8. Thiazolidinediones cause or exacerbate congestive heart failure in some patients. After initiation of TZDs and after dose increases, observe patients carefully for signs and symptoms of heart failure (including excessive or rapid weight gain; dyspnea; and/or edema). If these signs and symptoms develop, the heart failure should be managed according to current standards of care. Furthermore, discontinuation or dose reduction of the TZD must be considered. TZDs are not recommended in patients with symptomatic heart failure or in patients with established NYHA Class III or IV heart failure.
  9. a. On September 23, 2010, the FDA announced regulatory actions with respect to products containing rosiglitazone: Avandia (rosiglitazone maleate) tablets, Avandamet (rosiglitazone maleate and metformin hydrochloride) tablets, and Avandaryl (rosiglitazone maleate and glimepiride) tablets. These FDA actions required GlaxoSmithKline to implement restrictions on the use of these products through a Risk Evaluation and Mitigation Strategy (REMS) program to assure their safe use and through additional safety labeling changes in responseto the agency’s review of data that suggested an elevated risk ofcardiovascular events. However, based on additional data review, the REMS program was removed as of December 16, 2015. Rosiglitazone now has the same indications for prescribing as pioglitazone.

9.b. According to the FDA advisory issued on June 15, 2011, regarding potential increased risk of bladder cancer with pioglitazone use: (1) Do not use pioglitazone in patients with active bladder cancer. (2) Use pioglitazone with caution in patients with a prior history of bladder cancer. The benefits of glycemic control versus unknown risks for cancer recurrence with pioglitazone should be considered in patients with a prior history of bladder cancer.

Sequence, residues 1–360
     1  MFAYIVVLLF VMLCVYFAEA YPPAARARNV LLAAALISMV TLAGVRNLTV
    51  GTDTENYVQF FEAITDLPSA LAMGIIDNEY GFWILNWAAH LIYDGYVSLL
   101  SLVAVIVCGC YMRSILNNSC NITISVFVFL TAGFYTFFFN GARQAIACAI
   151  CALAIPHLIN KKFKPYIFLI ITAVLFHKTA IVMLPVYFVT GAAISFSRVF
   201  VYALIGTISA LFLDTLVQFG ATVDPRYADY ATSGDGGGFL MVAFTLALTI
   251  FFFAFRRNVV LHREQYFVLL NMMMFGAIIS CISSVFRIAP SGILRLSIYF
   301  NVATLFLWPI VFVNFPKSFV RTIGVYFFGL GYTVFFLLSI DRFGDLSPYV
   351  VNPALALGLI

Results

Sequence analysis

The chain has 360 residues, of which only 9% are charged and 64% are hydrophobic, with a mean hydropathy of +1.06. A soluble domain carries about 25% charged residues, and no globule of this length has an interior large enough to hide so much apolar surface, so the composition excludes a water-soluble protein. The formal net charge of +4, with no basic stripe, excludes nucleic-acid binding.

10. Risks of acute pancreatitis or pancreatic cancer have not been confirmed in clinical trials. The FDA is currently monitoring clinical reports via the Adverse Event Reporting System.

11. Diabetic ketoacidosis (DKA) with SGLT-2 inhibitors: Rare but sometimes serious cases have been reported. Check for DKA if symptomsdevelop, even if glucose levels are not elevated.

12. The potential benefits of SGLT-2 inhibitors in preventing progression of early renal disease are being investigated.

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89. Kernan WN, Viscoli CM, Furie KL, et al; IRIS Trial Investigators. Pioglitazone after ischemic stroke or transient ischemic attack. N Engl J Med. 2016;374(14):1321-1331. doi: 10.1056/NEJMoa1506930.

Bile Acid Sequestrants

90. Bays HE, Goldberg RB, Truitt KE, Jones MR. Colesevelam hydrochloride therapy in patients with type 2 diabetes mellitus treated with metformin: glucose and lipid effects. Arch Intern Med. 2008;168(18):1975-1983. doi: 10.1001/archinte.168.18.1975.

91. Fonseca VA, Rosenstock J, Wang AC, Truitt KE, Jones MR. Colesevelam HCl improves glycemic control and reduces LDL cholesterol in patients with inadequately con- trolled type 2 diabetes on sulfonylurea-based therapy. Diabetes Care. 2008;31(8):1479- 1484. doi: 10.2337/dc08-0283.

92. Goldberg RB, Fonseca VA, Truitt KE, Jones MR. Efficacy and safety of colesevelam in patients with type 2 diabetes mellitus and inadequate glycemic control receiving insulin-based therapy. Arch Intern Med. 2008;168(14):1531-1540. doi: 10.1001/ archinte.168.14.1531.

93. Fonseca VA, Handelsman Y, Staels B. Colesevelam lowers glucose and lipid levels in type 2 diabetes: the clinical evidence. Diabetes Obes Metab. 2010;12(5):384-392. doi: 10.1111/j.1463-1326.2009.01181.x.

Combination Therapy With Insulin

94. Aviles-Santa L, Sinding J, Raskin P. Effects of metformin in patients with poorly controlled insulin-treated type 2 diabetes mellitus. a randomized, double-blind, placebo-controlled trial. Ann Intern Med. 1999;131(3):182-188.

95. Belcher G, Lambert C, Goh KL, Edwards G, Valbuena M. Cardiovascular effects of treatment of type 2 diabetes with pioglitazone, metformin and gliclazide. Int J Clin Pract. 2004;58(9):833-837.

96. Goudswaard AN, Furlong NJ, Rutten GE, Stolk RP, Valk GD. Insulin monotherapy versus combinations of insulin with oral hypoglycaemic agents in patients with type 2 diabetes mellitus. Cochrane Database Sys Rev. 2004;(4):CD003418.

97. Jones TA, Sautter M, Van Gaal LF, Jones NP. Addition of rosiglitazone to metformin is most effective in obese, insulin-resistant patients with type 2 diabetes. Diabetes Obes Metab. 2003;5(3):163-170.

98. Roberts VL, Stewart J, Issa M, Lake B, Melis R. Triple therapy with glimepiride in patients with type 2 diabetes mellitus inadequately controlled by metformin and a thiazolidinedione: results of a 30-week, randomized, double-blind, placebo- controlled, parallel-group study. Clin Ther. 2005;27(10):1535-1547.